Immortals do not fight on Holy Ground (consecrated places, Cairns, Nodes, etc., at GM's discretion) because the Holy Ground is considered the victor in any such fight. The beheaded Immortal's Quickening is automatically absorbed by the Holy Ground, while the "victorious" Immortal loses one level in a randomly selected Quickening power or attribute by rolling dice, as follows:
And the Immortal must pay double points to regain the lost level (with the exception of Healing).

Two-on-One Fights
In Two-on-One fights, the victorious Immortal (the one who actually takes the head) takes the beheaded Immortal's Quickening and some of the remaining Immortal's as well. Ex.:

Spending Quickening Points

Points gained by beheading another Immortal can only be used to increase the levels of Quickening, not the skill required to use them (such as in Charge Sword and Augmentation); the skill can be increased by character points, awarded by the GM. Nor can Quickening points be used to increase "regular" skills, or temporarily increase Quickening power skills, i.e., they are not used like Blood Points in Vampire: The Masquerade.

Sample Character

Follow this link to an example character created with these rules. The talented Azurian Scribe has posted several sample characters. Please note, however, that Azurian uses slightly different rules than are presented here.

If you would like to use these rules to create characters, please send them to me and I will provide a link or publish them from my site.


"If your head comes away from your neck, it's over."

Combat between Immortals is the same as between mortals, with one exception: when Immortals battle they usually use swords (or other bladed instruments). There are no special combat rules that apply to Immortals, but it is recommended that PCs have a decent sword and skill to use it.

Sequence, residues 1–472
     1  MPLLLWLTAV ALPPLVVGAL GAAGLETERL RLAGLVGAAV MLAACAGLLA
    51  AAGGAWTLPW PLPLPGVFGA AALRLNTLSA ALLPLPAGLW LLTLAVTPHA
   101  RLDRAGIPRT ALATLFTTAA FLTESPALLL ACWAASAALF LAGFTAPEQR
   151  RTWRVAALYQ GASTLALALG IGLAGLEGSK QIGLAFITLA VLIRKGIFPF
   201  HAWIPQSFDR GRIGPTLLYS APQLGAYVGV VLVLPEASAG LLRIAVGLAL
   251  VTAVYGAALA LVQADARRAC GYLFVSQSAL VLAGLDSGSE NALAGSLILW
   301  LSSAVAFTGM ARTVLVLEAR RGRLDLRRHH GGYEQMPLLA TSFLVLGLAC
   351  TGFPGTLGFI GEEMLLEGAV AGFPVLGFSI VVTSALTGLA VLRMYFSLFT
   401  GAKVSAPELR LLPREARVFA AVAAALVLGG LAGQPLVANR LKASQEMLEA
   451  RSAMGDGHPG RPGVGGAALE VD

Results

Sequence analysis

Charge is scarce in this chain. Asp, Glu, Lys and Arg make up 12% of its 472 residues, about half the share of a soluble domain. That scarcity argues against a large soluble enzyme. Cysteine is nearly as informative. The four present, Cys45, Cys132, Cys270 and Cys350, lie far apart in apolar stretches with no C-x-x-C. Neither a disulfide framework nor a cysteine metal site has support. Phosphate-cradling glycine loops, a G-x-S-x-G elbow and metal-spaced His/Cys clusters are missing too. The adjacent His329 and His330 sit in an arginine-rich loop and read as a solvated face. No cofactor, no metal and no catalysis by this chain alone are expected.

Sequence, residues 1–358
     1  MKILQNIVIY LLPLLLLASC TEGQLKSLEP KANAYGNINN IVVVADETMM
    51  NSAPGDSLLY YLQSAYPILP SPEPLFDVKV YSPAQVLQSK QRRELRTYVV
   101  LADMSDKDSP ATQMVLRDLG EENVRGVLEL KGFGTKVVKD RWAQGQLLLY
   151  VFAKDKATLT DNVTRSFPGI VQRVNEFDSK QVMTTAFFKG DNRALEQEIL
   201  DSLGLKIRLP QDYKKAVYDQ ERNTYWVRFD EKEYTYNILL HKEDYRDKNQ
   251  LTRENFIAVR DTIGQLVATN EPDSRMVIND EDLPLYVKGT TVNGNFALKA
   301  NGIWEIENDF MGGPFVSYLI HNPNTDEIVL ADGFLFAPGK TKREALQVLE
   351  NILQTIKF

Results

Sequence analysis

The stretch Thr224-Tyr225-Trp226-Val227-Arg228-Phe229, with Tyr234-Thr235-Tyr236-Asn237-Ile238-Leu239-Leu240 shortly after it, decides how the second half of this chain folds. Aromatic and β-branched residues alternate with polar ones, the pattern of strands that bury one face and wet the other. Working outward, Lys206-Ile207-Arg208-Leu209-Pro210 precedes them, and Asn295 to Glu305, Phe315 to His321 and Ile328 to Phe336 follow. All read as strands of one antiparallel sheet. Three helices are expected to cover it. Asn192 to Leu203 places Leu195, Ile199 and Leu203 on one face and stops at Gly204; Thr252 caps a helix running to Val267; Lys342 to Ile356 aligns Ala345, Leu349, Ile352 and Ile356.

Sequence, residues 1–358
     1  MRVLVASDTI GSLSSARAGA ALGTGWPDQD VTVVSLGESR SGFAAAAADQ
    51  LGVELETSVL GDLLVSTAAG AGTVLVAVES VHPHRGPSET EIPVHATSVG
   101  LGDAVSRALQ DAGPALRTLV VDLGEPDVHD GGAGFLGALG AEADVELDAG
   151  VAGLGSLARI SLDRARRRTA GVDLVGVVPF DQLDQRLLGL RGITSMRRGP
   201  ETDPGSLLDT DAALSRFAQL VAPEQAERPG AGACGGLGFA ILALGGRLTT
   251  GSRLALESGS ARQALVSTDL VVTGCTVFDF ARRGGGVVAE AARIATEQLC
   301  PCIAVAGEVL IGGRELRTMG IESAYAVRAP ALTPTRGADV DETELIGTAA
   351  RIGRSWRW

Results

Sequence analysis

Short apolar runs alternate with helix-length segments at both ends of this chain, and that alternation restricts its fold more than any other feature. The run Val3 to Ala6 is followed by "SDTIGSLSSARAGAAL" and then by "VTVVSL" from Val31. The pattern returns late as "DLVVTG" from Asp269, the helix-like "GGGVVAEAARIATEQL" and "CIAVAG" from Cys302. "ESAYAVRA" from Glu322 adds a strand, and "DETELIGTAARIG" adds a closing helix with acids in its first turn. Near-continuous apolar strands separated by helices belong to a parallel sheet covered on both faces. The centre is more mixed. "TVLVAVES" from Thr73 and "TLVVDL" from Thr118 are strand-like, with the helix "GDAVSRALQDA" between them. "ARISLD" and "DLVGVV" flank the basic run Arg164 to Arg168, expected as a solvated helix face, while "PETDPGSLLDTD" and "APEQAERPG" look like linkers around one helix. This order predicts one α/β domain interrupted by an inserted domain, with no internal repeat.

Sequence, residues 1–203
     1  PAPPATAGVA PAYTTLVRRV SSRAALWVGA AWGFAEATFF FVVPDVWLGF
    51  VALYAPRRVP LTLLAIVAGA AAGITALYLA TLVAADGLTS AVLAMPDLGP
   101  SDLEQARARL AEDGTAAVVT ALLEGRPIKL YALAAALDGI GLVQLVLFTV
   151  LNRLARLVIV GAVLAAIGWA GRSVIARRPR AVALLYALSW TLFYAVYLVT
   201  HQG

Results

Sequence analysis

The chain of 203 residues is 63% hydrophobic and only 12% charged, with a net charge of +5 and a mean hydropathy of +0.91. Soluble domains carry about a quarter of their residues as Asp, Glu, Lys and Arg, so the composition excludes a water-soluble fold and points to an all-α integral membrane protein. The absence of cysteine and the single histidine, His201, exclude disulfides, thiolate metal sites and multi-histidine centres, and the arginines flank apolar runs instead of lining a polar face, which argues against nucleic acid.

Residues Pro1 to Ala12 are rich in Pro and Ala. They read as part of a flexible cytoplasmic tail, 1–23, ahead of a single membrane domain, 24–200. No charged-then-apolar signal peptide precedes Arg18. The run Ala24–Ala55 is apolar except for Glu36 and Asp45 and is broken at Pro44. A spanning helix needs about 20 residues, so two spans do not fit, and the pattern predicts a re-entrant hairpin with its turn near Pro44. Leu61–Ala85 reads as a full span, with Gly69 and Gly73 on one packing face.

There are some special rules that do apply, however, to assessing damage.

Fatigue after Gaining Quickening

The absorbing of Quickening is an arduous ordeal. Because of this, an automatic 5 points fatigue is applied to the victor after the beheading.

Damage and Death

Regeneration of non-essential body parts, i.e., those which are not intrinsic for the body to survive (hands, limbs, ears, etc.), does not occur in an Immortal, although, say, a lost heart would regenerate. Also, damage to the neck area, if severe enough (critical success) or caused by aggravated damage, leaves a scar (determined by failing a HT roll).

An Immortal's body is very much like a vampire's in that it is immortal, but there is only so much damage a body can take before it simply falls apart, i.e., immortality is not invulnerability. An Immortal can take up to -10 x HT before the body simply ceases to be a body and the Immortal dies. If there is any Immortal within range when this happens, they are considered the "victor" and receive the escaping Quickening, otherwise, the Quickening simply dissipates into the ether.